Stretching the limits

New research on children with ADHD, however, might show tasks such as n-back can improve working memory in general, and could help children with the condition.
People with ADHD tend to have difficulty with working-memory capacity, and that deficit could be responsible for their tendency to be distracted and resulting problems at school, says Tannock.
Seeking to alleviate such difficulties with his research, Klingberg ran a randomized controlled trial of 53 children with ADHD in which half of the participants practiced working-memory tasks that gradually increased in difficulty. The other half completed tasks that did not get harder as the children became better at them. Both groups of children--who were 7 to 12 years old--practiced tasks such as recalling lists of numbers for 40 minutes a day over five weeks.
The children who practiced with increasingly difficult memory tasks performed better on two working memory tests--which were different than the practice tasks--than the control group, reported Klingberg in the Journal of the American Academy of Child & Adolescent Psychiatry (Vol. 44, No. 2, pages 177-186.) In addition, the parents of children with memory training reported a reduction in their children's hyperactivity and inattention three months after the intervention, while the parents of the control group participants did not.

Subsequent, yet-unpublished experiments build on those results, Klingberg says.
"We have looked at other groups too: adults with stroke, young adults without ADHD, children with...traumatic brain injuries," he says. "A general pattern [we've found] is as long as you have working-memory problems and you have the ability to train, you can improve your abilities."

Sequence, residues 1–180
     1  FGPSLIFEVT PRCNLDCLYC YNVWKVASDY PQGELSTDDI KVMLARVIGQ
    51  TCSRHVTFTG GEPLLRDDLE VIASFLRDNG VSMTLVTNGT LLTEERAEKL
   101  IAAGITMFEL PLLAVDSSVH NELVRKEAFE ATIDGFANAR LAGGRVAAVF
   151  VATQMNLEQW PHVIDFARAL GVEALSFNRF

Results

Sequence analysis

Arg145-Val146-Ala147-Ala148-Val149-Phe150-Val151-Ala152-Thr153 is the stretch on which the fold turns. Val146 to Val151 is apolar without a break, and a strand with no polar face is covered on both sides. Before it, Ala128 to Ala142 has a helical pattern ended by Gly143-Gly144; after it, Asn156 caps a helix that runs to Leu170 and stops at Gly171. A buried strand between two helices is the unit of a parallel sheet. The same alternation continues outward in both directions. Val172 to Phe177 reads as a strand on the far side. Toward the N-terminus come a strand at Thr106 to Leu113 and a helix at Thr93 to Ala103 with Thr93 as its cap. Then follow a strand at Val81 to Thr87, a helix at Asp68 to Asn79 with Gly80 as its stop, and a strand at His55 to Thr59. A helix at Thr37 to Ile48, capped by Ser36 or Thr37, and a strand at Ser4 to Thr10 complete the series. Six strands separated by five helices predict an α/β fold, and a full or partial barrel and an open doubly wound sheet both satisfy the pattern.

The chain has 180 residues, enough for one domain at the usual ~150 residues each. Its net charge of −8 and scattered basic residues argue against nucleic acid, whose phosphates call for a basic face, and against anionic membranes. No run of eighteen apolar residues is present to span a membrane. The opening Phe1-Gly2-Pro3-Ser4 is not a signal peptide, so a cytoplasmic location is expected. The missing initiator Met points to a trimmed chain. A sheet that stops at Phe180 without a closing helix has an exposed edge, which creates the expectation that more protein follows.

Some researchers suggest that memory training may have more of an effect on motivation than working memory.
"It seems to me that children in the training group may have learned to have a better attitude toward the testing situation, whereas children in the control group--who repeated easy problems--may have learned that the testing situation was boring and uninteresting," says Cowan. "The differences that emerged on a variety of tasks could be the result of better motivation and attitude rather than a basic improvement in working memory."
Or, says Klaus Oberauer, PhD, a psychology professor and memory researcher at the University of Bristol in England, the practice effect in both Klingberg's studies might result from people learning to use their limited working-memory capacity more efficiently--perhaps by grouping information into larger chunks or by enlisting long-term memory.
"I think the practice effect [they found] basically is just an ordinary practice effect, in that everything gets faster," he says.

So, even if working memory can't be expanded, adults with grocery lists and children with ADHD may be able to make better use of what little space is available by practicing the task itself or repeating tests of general working memory. And, in the end, the milk gets bought and the reading assignment finished.